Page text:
- Today's Approach to Security is Broken
- Lower costs help NZ pip Australia for F5 Networks support centre
- Small businesses could benefit from wireless industry 'kill switch' plans
- Teen arrested in Heartbleed attack against Canadian tax site
- Fortinet, McAfee, Trend Micro, Bitdefender battle in socially-engineered malware prevention test
Windows 8's bare-metal virtualization layer is a great way to create an app sandbox, run a test machine, launch a VHD appliance, and more
Reformatting and restoring a PC is not fun--in the way spending 2 hours in the dentist's chair is not fun. You have to back up all your data (and pray that you haven't forgotten anything), reformat the hard drive, install Windows, track down missing drivers, find and reload all your software, restore your data, and pull out clumps of hair over the things you inevitably neglected to save. (Firefox plug-ins, anyone?)
With all the many compelling reasons for a company to switch to Linux on the desktop, it's no wonder that businesses large and small are increasingly relying on the free and open source operating system.
Keyboard shortcuts are wonderful time-savers but many of us are either too accustomed to the mouse or too lazy to get beyond Ctrl+C and Ctrl+V.
Maybe you didn't get the memo: Tomorrow marks the end of patches for Windows XP Service Pack 2 (SP2).
Cedric Crawley wants to keep Windows 7 and his applications in one partition, and his data in another.
When you pop an audio CD into your PC's drive, your media player software (iTunes, Windows Media Player, or whatever) downloads this information from an online database.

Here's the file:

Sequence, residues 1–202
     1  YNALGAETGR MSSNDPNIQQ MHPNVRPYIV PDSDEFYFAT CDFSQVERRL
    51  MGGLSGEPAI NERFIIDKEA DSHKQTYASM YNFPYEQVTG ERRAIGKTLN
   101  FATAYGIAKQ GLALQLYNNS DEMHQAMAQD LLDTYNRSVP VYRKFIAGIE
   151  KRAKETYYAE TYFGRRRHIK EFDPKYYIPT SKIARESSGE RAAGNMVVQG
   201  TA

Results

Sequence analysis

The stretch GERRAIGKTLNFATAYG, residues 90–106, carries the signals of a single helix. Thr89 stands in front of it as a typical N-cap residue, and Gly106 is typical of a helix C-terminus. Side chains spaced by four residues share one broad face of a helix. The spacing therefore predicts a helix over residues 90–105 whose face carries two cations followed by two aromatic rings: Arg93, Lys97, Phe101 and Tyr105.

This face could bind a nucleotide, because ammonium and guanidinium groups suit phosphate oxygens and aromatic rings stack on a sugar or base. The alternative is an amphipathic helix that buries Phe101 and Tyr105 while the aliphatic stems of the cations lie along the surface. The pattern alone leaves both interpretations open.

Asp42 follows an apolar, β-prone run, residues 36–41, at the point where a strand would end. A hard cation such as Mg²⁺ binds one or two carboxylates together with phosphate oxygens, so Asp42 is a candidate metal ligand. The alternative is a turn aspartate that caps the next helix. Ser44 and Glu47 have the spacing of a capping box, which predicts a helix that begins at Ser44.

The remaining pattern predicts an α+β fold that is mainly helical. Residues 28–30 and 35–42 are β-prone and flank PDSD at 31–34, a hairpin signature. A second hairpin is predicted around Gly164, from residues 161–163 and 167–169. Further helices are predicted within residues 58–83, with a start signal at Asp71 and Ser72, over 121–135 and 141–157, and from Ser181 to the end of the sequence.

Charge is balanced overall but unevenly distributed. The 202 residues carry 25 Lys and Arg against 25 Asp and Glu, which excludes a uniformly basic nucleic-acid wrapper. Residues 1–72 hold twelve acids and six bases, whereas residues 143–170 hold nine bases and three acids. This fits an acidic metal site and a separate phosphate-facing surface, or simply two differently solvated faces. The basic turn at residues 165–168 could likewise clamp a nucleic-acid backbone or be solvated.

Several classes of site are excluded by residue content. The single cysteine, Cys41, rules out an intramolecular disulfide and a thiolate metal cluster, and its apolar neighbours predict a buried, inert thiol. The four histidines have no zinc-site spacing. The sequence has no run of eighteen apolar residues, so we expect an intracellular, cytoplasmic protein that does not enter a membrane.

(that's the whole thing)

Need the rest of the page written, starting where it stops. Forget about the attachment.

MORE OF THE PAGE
Windows turned drive F: into drive G:, so the PC's owner asked the Answer Line forum how to change it back.
For the last couple months I've been troubleshooting a vexing problem on my new quad-core HP desktop: Roughly once per week, the machine would start running as slow as molasses.
When we last left our intrepid blogger (way back on Friday), he'd pointed the finger at Vista's Disk Defragmenter and cried, "J'accuse!"
Latency is the life-blood of any database application. When transactions slow, it is often a direct result of disk contention at the storage layer driving-up storage I/O latency, which directly translates into slower transactions and a slower end-user experience. Moving to an all-flash architecture for your database affords immediate and obvious performance benefits, but also introduces a whole host of operational benefits: - Simplify operations - Eliminate tuning - Provide a price point that is less expensive than disk based and even hybrid systems
Why do we continue to pay the earth for global roaming? With Telstra increasing global roaming charges by 100-500% in over 180 countries, bill shock can only get worse. This paper investigates why, what and how your company can address the need for global coverage.
- JCurve acquisition to boost telco play following $A2.5m capital raising
- Vodafone tackles FIFA World Cup with $5 roaming in Brazil
- Gratex targets A/NZ insurers with UPM2
- Broadband Solutions offers unified solution for hotel phone and web access
- Liberal NBN plan unable to deliver tele-health: Jason Clare
- In pictures: Customer 360 Symposium hits the Hunter Valley
- Why CMOs must embrace the seven principles of agile marketing
- Google opens the floodgates for new 'social' ads
- Telefónica starts exchange for targeted mobile ads
- Crowdsource guide ranks marketing automation platforms by user recommendations and company size